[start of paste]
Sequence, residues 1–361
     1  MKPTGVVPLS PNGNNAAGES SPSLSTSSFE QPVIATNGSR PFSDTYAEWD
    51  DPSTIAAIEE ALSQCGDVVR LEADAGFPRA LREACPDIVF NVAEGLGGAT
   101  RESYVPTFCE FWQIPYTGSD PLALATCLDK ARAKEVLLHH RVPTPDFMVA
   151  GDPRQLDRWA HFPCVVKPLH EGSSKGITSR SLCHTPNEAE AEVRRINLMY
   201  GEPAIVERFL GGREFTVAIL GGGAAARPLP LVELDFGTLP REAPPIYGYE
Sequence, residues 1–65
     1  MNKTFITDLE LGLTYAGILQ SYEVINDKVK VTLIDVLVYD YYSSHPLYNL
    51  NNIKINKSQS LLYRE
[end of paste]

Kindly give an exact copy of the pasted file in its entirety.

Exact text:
Sequence, residues 1–361
     1  MKPTGVVPLS PNGNNAAGES SPSLSTSSFE QPVIATNGSR PFSDTYAEWD
    51  DPSTIAAIEE ALSQCGDVVR LEADAGFPRA LREACPDIVF NVAEGLGGAT
   101  RESYVPTFCE FWQIPYTGSD PLALATCLDK ARAKEVLLHH RVPTPDFMVA
   151  GDPRQLDRWA HFPCVVKPLH EGSSKGITSR SLCHTPNEAE AEVRRINLMY
   201  GEPAIVERFL GGREFTVAIL GGGAAARPLP LVELDFGTLP REAPPIYGYE
Sequence, residues 1–65
     1  MNKTFITDLE LGLTYAGILQ SYEVINDKVK VTLIDVLVYD YYSSHPLYNL
    51  NNIKINKSQS LLYRE